Ken Miller's scenario for the evolution of blood clotting, mentioned yesterday, provides a good example of these ideas in action. Recall that Miller's scenario does not invoke any sort of genetic mechanism that is not known to occur in modern organisms, he discusses the effect these changes would have on our nascent blood clotting system, and ultimately uses his scenario to derive verifiable (and verified!) predictions about blood clotting in other organisms. Of course, Miller did not specify specific genetic loci that mutated, nor did he isolate specific species in which these changes occurred, because that level of detail is simply impossible to obtain. If Koons believes that Miller's scenario is too vague to be taken seriously, he will have to tell us what more he wants.

To see how Koons treats actual biology, let's consider the only example he discusses: the paper “A Pessimistic Estimate of the Time Required For an Eye to Evolve”, by Nilsson and Pelger. First, here is what Koons says:

Take, for example, Richard Dawkins's attempts to prove that Darwinism is able to explain the emergence of the vertebrate eye. Dawkins refers to a computer simulation by Nilsson and Pelger, showing that one can gardually improve a light-sensitive spot and reach, in 1800 steps or so, a fully-functional, lens-bearing eye. This might be impressive, except that the computer simulation (like every single simulation referred to by Dawkins in the book) entirely omits the two crucial details about real biology: the genotype/phenotype distinction (the distinction between the genetic constitution of an individual or group as opposed to the properties produced by interaction with its environment) and the processes of embryological development. The steps in Nilsson and Pelger's program are phenotypical (that is, they concern changes in gross, morphological feaures in the fully formed adult). We are not given a model in which the successive forms of the eye are determined by successive trajectories of embryological development, nor are we given a model of how these successive trajectories are determined by successive, feasible mutations. Given these limitations, it is, of course, impossible to estimate the probabilities of the mutations required for each of the 1800 steps in the creation of the vertebrate eye. (P. 9)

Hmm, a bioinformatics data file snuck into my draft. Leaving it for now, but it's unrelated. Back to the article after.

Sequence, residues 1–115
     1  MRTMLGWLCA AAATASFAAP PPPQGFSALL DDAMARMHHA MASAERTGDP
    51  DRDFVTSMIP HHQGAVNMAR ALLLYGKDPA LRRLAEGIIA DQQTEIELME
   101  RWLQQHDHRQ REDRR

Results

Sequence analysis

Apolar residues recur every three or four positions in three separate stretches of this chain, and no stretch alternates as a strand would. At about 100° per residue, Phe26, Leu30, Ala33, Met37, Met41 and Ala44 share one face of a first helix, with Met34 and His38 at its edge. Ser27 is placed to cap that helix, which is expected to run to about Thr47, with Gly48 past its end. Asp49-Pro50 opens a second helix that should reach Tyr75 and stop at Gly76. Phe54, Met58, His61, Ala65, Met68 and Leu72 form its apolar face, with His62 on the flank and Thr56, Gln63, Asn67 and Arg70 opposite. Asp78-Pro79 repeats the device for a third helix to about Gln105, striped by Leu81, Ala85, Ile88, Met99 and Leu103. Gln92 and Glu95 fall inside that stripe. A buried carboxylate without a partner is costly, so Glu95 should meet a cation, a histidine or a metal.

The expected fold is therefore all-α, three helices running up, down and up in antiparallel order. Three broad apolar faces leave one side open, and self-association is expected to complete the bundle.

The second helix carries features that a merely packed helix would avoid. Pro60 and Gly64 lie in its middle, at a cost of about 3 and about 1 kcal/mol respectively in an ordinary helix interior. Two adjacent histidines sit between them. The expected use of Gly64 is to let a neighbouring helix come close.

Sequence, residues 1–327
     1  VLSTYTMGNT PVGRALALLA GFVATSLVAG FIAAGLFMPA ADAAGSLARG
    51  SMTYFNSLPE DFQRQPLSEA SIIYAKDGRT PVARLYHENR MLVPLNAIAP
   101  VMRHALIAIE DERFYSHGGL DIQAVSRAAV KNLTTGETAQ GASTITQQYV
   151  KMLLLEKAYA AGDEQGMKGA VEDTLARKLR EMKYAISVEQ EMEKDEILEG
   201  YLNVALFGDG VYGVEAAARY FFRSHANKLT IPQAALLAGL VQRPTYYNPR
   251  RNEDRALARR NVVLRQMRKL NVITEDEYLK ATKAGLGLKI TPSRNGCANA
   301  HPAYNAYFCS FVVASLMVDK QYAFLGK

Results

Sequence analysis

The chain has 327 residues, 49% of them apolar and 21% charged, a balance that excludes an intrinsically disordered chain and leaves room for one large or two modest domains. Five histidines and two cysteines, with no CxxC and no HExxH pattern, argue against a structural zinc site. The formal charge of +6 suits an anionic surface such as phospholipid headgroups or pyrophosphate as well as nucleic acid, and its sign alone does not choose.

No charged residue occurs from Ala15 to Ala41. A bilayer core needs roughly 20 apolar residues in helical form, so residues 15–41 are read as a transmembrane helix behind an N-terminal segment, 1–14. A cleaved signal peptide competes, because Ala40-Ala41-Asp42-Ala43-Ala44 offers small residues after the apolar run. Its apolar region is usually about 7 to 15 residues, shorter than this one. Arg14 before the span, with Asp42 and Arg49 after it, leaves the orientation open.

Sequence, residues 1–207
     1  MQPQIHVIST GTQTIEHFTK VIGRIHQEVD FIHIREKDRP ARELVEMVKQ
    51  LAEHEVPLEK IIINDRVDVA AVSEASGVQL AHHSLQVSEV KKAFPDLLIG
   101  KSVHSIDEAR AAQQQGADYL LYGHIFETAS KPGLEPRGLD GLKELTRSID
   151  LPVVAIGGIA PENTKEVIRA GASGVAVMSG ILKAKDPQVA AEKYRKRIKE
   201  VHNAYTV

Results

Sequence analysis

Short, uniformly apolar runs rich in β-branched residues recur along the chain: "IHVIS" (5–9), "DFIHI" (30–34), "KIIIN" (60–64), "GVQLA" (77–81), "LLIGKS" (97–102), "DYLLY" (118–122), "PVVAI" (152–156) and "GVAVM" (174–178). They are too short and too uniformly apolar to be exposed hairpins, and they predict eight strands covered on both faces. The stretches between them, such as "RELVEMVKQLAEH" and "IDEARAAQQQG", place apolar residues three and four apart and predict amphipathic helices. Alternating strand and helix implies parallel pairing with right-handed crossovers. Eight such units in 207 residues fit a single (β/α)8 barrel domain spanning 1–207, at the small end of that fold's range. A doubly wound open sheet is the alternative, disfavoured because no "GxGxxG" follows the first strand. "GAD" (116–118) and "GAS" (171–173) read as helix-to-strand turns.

It is amusing that Koons repeats Dawkins' error in describing what Nilsson and Pelger did as a computer simulation, since his colleague David Berlinski published a much ballyhooed article in Commentary in which he made a big fuss over the fact that there was no computer simulation in the paper. This point is not relevant to discussing the arguments of either Dawkins or Koons, however.

The paper Koons mentions contained two major accomplishments. The authors described a sequence of small steps bridging a light-sensitive spot of the sort possessed by various worms and microorganisms with a vertebrate eye. They then performed a calculation in which they showed that such an eye could evolve in a remarkably short amount of time.

The sequence Nilsson and Pelger described began with a light sensitive spot. At each step, small changes were made in the size or shape of the spot in such a way that the visual acuity of the resulting proto-eye would be an improvment over what came before. Here is a brief quote from the paper:

We let the evolutionary sequence start with a patch of light-sensitive cells which is backed and surrounded by dark pigment, and we expose this structure to selection favouring spatial resolution. We assume that the patch is circular, and that selection does not alter the total width of the structure. The latter assumption is necessary to isolate the design changes from general alterations of the size of the organ. There are two ways by which spatial resolution can be gradually introduced: (i) by forming a central depression in the light-sensitive patch; amd (ii) by a constriction of the surrounding pigment epithelium. Both these morphological changes reduce the angle through which the individual light-sensitive cells receive light. The relative effects that depression and constriction have on the eye's optical resolution are compared in figure 1a. Initially, deepening of the pit is by far the most efficient strategy, but when the pit depth equals the width, aperture constriction becomes more efficient than continued deepening of the pit.